California is in a serious drought. Governor Brown has declared a 25% mandatory reduction in water use for the first time in the state’s history.

It’s time to save water if only a gallon at a time.

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Most Californians have already started conserving — installing low flow shower heads, grey water recovery systems and recycling the water from their homes to use in their gardens.

But households only account for a fraction of water consumption in the state. The real guzzlers are agriculture and livestock.

 

California’s Biggest Water-Footprint Has Hooves

Consider this. For the amount of water used for just 1 pound of beef could you could:

  • Take 37 showers or baths
  • Wash 45 loads of laundry
  • Leave the garden hose running for a week

That is because of the water consumption of cattle includes not just the what they drink, but also the thousands of gallons it takes to grow the hay and grain they eat.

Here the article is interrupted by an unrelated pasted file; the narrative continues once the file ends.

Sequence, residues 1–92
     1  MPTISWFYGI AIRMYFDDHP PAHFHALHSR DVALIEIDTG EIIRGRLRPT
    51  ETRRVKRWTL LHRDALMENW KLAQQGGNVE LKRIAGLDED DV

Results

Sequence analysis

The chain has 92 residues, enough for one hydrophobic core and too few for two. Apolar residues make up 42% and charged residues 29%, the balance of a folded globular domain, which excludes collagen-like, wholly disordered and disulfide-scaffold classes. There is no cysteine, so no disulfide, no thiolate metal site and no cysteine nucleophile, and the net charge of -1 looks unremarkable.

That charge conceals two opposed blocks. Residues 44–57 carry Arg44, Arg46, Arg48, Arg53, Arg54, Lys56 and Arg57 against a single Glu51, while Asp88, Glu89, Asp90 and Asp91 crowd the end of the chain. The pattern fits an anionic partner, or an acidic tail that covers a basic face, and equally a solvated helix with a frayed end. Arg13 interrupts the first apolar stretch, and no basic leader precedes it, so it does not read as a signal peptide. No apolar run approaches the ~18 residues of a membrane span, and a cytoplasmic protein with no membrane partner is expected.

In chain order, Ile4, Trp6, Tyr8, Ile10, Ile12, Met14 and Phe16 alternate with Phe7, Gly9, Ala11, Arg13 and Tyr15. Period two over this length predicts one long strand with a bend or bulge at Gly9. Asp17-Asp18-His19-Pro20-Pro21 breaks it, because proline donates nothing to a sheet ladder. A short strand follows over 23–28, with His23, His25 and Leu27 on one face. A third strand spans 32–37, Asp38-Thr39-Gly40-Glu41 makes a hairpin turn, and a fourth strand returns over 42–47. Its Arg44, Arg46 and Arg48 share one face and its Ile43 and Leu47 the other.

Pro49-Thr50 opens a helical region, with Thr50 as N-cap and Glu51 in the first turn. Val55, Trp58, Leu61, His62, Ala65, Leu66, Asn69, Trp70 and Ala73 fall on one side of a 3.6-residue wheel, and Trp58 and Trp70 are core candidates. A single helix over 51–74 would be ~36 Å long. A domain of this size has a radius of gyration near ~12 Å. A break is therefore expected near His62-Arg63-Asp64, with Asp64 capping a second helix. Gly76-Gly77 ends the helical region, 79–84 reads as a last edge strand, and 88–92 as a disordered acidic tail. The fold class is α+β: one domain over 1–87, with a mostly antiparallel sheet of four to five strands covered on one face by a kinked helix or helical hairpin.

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California is America’s fruit and vegetable basket. We grow 99% of all the almonds consumed in the U.S. and it takes more than a gallon of water just to raise one! You do the math.

The same goes for virtually everything we eat — even the clothes on our backs. Everything requires water at some phase of its production. Water, water, everywhere, and not a drop to drink!

Water Consumption chart e

So what’s your Water Footprint?

Here are a few more numbers* by the gallon along with a link to a calculator to help.

    • Head of lettuce = 3.5 gallons
    • Tomato = 3.3 gallons
    • Washing dishes by hand (10 min.) = 25 gallons
    • Glass of orange juice = 45 gallons
    • Slice of wheat bread = 10.6 gallons
    • Leaky faucet (50 drips/min.) = 2628 gallons/year
    • 1 pound of sugar = 180 gallons
    • 1 pound of chicken = 519 gallons
    • 1 egg = 53 gallons
    • Olympic sized swimming pool = 660,000 gallons
    • Ice skating rink = 12-15,000 gallons
    • Sunday paper = 80 gallons
    • 1 hamburger = 1000 gallons
    • 1 orange = 22 gallons
    • 1 pound of potatoes = 119 gallons
    • Set of new tires = 2072 gallons

 

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*All of these figures are estimates.

(AFP/Getty Images)